Drafting Errors and Decision Making Theory in the NBA Draft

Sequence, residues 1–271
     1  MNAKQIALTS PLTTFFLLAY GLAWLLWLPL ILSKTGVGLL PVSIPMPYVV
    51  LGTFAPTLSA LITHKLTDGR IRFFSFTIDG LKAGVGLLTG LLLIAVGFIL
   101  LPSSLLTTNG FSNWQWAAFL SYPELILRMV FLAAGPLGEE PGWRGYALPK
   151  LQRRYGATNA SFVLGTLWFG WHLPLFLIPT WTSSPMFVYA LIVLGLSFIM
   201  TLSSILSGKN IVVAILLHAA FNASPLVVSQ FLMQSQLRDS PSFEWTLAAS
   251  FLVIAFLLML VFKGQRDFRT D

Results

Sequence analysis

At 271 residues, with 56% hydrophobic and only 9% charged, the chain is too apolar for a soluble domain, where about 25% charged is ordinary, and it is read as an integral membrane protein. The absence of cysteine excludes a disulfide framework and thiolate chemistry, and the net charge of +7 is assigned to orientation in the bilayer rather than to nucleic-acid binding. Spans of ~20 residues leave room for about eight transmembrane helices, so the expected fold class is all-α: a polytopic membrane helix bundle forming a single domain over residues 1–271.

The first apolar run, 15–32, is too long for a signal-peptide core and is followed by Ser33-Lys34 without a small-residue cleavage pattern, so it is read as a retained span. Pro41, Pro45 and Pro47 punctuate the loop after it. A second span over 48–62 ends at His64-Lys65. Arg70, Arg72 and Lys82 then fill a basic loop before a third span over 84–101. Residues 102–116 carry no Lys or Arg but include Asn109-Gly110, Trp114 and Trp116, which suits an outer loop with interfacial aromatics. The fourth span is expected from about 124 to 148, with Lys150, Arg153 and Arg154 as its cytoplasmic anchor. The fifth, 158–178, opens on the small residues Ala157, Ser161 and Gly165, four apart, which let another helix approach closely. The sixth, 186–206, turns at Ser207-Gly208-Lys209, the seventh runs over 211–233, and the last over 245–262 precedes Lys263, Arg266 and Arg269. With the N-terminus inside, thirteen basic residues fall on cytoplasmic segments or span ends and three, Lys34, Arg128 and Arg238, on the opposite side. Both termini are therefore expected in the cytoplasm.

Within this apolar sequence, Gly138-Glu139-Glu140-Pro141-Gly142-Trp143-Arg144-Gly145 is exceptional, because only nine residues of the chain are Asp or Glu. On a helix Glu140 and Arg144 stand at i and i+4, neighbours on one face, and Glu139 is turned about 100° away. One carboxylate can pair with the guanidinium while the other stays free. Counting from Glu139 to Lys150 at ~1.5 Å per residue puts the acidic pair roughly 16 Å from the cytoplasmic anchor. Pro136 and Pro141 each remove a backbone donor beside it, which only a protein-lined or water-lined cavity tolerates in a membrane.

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Even with the recent influx of available data with regards to draft-eligible players and NBA teams investing more resources into scouting than ever before, NBA decision makers still struggle to consistently evaluate talent and select productive players (Berri et al., 2010) in the draft. In this paper, I examine the NCAA statistics and pre-draft player factors that predict both draft position and NBA performance for all NCAA players drafted to the NBA between 2006-2013. Following this analysis, I determine what errors NBA teams are making and how these errors relate to general decision making theory. To compare the predictors of draft position and NBA performance, linear regression models are specified for both draft position and NBA performance. The NBA performance model sample necessarily excludes players whose production cannot be assessed due to not playing a minimum (>=500) amount of NBA minutes, and therefore a Heckman (1971) sample selection correction is applied to the performance model to correct for this non-randomly selected sample. Both models are specified for the entire dataset as well as for subsets for position (Bigs, Wings, Point Guards) and conference size (Big Conference, Small Conference). The findings of this paper demonstrate that NBA decision makers continue to base their draft selections on factors that do not actually predict future NBA success, such as scoring, size, and college conference. Many of the decisions made by NBA decision makers relate to Heath and Tversky’s (1991) competency hypothesis, as front offices forego the use of reliable distributive data and select players according to their perceived knowledge. NBA decision makers also display risk averse behaviour (Kahneman and Tversky, 1973) and an insistence on sticking with the status quo (Samuelson and Zeckhauser, 1988) in their decisions. More specifically, this study also points to ball control and offensive efficiency as predictors of individual player success. These findings can not only affect NBA decision makers in the factors that they emphasize in player evaluations, but can also be used to change the way that sport executives think about general decision making and their own innate decision making biases.